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For that matter, I'd be open to cutting it back even further, building ONLY the northern leg but doing essentially whatever is needed to make Western and Richmond Row happy.

On the other hand, I do think that a southern leg with this emphasis ought to bite the bullet and cross the 401, even if it's little more than an improved park and ride on opening.
 

Haljackey

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For that matter, I'd be open to cutting it back even further, building ONLY the northern leg but doing essentially whatever is needed to make Western and Richmond Row happy.

On the other hand, I do think that a southern leg with this emphasis ought to bite the bullet and cross the 401, even if it's little more than an improved park and ride on opening.
The only thing that will make Richmond Row happy is do nothing, They don't want a lane taken out for 'poor students'. They don't want years of construction. They want that for on-street parking at minimum and for people to access their businesses. Losing a car lane means more traffic to them and thus their customers will avoid the area.

There isn't much south of the 401 in London. The BRT plan has a proposed connection to a park and ride facility near the Wellington Road interchange. If extended, you'd get a BRT/LRT line to Costco. There isn't much they sell that's small enough to take on transit. Imagine lugging a 36 case of coke or 48 paper towels on the train. I've seen people do that and to be honest I have respect for them- unless the bus is busy and they're taking up extra seat(s) with cargo.
 

Darwinkgo

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The only thing that will make Richmond Row happy is do nothing, They don't want a lane taken out for 'poor students'. They don't want years of construction. They want that for on-street parking at minimum and for people to access their businesses. Losing a car lane means more traffic to them and thus their customers will avoid the area.

There isn't much south of the 401 in London. The BRT plan has a proposed connection to a park and ride facility near the Wellington Road interchange. If extended, you'd get a BRT/LRT line to Costco. There isn't much they sell that's small enough to take on transit. Imagine lugging a 36 case of coke or 48 paper towels on the train. I've seen people do that and to be honest I have respect for them- unless the bus is busy and they're taking up extra seat(s) with cargo.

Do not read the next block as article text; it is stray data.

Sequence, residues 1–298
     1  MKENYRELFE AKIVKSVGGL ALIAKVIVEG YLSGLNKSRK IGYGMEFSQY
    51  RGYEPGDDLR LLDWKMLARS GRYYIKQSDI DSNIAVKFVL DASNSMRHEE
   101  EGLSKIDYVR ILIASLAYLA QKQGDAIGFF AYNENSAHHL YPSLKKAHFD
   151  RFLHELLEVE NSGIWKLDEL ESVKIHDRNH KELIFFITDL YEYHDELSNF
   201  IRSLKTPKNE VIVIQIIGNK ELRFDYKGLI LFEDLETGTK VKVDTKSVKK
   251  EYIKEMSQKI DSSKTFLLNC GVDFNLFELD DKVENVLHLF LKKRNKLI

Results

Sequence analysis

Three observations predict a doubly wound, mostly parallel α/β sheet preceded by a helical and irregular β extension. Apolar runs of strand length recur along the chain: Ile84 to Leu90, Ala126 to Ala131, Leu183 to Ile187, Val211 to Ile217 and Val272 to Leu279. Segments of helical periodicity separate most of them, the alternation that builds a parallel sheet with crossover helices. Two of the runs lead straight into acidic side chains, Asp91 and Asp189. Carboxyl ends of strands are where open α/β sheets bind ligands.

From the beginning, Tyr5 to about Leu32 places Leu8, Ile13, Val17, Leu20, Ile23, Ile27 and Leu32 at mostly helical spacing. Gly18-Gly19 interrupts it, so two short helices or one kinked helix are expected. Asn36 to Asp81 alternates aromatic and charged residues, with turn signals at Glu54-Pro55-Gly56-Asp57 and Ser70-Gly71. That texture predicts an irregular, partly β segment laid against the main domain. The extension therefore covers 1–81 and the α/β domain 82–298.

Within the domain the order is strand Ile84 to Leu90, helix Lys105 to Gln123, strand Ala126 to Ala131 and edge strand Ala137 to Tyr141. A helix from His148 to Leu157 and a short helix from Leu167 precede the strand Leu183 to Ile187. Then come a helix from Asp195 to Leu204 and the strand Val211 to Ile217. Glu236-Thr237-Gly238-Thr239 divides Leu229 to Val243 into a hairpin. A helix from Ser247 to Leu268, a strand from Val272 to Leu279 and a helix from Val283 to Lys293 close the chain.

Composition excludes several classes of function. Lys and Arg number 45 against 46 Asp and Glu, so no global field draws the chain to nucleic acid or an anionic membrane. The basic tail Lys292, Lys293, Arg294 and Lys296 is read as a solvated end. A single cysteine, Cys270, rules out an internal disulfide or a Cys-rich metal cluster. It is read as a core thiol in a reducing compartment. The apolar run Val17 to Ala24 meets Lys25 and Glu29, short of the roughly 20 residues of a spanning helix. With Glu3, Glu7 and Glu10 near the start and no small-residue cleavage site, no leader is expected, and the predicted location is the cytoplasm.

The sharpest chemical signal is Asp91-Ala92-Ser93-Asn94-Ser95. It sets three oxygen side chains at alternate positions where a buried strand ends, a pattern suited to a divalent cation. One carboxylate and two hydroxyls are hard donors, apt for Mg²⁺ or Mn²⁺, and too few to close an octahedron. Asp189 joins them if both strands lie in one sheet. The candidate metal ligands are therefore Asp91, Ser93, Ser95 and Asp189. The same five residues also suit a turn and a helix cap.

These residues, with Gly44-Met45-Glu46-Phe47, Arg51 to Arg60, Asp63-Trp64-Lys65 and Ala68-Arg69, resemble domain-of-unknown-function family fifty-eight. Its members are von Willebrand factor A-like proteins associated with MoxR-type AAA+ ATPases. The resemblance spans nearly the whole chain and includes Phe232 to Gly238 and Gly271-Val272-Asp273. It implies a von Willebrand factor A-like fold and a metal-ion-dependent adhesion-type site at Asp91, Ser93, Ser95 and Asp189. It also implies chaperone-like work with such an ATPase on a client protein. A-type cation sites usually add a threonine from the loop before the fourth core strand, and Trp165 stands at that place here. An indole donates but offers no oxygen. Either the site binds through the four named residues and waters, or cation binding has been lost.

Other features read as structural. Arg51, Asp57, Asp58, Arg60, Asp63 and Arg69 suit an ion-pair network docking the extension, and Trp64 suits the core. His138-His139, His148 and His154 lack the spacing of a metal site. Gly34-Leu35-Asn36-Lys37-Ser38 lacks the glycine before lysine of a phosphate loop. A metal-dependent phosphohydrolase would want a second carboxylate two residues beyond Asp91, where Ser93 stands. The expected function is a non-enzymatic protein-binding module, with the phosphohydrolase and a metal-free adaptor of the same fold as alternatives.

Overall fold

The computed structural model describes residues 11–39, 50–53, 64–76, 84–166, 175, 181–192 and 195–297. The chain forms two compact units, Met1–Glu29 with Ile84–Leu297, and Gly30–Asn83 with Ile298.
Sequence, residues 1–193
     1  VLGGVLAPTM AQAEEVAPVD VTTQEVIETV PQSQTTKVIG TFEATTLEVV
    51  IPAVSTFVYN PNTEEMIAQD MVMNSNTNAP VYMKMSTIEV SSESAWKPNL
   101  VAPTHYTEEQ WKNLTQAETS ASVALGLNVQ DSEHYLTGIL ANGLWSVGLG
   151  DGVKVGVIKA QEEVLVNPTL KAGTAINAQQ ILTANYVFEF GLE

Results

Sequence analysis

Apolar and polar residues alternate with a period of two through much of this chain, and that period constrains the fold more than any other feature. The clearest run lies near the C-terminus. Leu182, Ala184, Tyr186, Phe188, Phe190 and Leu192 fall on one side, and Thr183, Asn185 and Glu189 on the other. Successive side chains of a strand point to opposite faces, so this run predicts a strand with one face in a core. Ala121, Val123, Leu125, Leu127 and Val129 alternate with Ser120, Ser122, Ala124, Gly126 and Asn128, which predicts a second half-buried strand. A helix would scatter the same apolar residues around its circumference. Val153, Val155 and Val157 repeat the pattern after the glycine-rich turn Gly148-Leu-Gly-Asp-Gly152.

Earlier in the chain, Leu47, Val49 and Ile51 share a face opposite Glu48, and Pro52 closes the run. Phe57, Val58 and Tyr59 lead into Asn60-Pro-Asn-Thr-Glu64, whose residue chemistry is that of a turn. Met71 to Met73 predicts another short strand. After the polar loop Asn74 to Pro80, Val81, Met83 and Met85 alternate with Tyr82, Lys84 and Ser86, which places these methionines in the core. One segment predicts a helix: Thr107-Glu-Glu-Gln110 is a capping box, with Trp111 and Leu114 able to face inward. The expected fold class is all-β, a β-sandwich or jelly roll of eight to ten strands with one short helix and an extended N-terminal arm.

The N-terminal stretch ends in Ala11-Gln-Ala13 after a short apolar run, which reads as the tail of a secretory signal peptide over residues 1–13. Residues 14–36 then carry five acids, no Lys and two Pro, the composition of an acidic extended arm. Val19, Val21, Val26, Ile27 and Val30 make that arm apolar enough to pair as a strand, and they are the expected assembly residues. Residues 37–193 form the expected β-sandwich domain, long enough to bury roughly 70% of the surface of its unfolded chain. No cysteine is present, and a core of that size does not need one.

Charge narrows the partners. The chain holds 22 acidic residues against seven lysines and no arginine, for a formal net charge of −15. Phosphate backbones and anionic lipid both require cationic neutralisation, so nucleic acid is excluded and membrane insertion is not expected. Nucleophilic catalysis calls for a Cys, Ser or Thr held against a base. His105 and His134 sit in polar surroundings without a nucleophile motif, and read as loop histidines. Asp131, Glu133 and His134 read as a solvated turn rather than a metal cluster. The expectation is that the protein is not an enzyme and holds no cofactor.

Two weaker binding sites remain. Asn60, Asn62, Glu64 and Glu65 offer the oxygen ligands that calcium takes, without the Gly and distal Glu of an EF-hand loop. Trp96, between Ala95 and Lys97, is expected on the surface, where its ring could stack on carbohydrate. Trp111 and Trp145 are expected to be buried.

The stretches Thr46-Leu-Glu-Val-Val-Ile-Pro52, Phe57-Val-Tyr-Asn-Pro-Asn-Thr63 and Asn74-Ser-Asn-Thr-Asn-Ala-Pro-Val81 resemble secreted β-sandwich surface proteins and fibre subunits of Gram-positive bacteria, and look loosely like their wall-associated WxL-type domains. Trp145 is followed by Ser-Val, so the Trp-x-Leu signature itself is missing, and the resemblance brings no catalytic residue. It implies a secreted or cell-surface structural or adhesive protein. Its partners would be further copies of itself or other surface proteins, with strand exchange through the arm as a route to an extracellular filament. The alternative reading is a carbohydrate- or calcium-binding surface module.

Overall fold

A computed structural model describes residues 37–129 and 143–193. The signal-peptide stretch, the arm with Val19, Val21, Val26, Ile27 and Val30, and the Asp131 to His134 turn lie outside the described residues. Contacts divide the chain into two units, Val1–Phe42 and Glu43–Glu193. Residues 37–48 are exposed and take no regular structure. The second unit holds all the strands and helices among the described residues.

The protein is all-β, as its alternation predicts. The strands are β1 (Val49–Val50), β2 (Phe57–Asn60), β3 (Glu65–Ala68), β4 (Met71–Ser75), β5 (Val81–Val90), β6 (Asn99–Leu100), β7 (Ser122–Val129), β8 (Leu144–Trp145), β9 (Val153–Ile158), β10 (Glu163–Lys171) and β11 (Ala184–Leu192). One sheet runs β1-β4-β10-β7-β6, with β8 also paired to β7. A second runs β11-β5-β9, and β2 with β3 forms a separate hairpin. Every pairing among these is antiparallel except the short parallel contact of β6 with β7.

It is sad that there is so much off street parking on the Richmond corridor, but as always local businesses will think that if someone can't park right in front, that they'll suffer greatly. The off-street is fragmented, poorly allocated, and hard to navigate—but it isn't lacking.
 

kEiThZ

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You see this in cities everywhere. Businesses always complain about losing parking. After transit is built, they discover that all the foot traffic is better for business than they ever imagined.

If Richmond Row doesn't want rapid transit that is fine. Build it elsewhere and drain them of foot traffic.
 

ARG1

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Again. Just a reminder that we have actual evidence of what works for a midsize city. There's a lot of cities that built LRT. But Ottawa built the Transitway with dedicated ROWs, and a very bare bones shelter at each stop and achieved modal share comparable to cities that were much larger:

canadianridership.jpg


London can learn from the experience of Ottawa or make its own very expensive mistakes (like many of the American cities above).

As for the argument about wasted spending, there really isn't much too them. The stations were just concrete slabs with bus shelters on them. This, for example, is Strandherd "Station" when it opened:

1280px-Strandherd_Transitway_Station_1A.jpg


Most of the downtown Transitway stations in Ottawa looked like larger versions of the above. So really, after getting a few decades out of them, there's no real loss tearing them down to build proper rail stations. With the exception of a few that needed elevators, most of the Transitway "stations" probably cost less than a million dollars and the OC Transpo got 30-40 years out of them. The LRT stations that replaced these are $30-50M cathedrals built to service the city for a century. There is no way Ottawa could have afforded them when it had 600k people. Look at the LRT systems in Calgary and Edmonton. No downtown tunnel in Calgary, and stations that are comparable to the Ottawa Transitway. Edmonton's system is really small. These are all consequences of building LRT well before they needed it and having the cost of maintaining those systems hurt expansion. Ottawa shows cities how to scale transit capacity as a city grows and set aside corridors that can be developed for rail later. Not just London. Larger cities like Toronto, Montreal and Vancouver, could learn from Ottawa too.
Random side note about that graph, does it include the greater metropolitan area or just what's within the city boundaries?

If the latter, then while its definitely impressive could be a bit misleading. For instance, while Ottawa's system is impressive, Gatineau right across the river probably would tank the rating if it was included especially when you compare it to Australian Cities where in general their city limits include the entire metropolitan area.

Granted when comparing to US cities this doesn't really matter much, but its something to consider at the very least.
 

kEiThZ

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Random side note about that graph, does it include the greater metropolitan area or just what's within the city boundaries?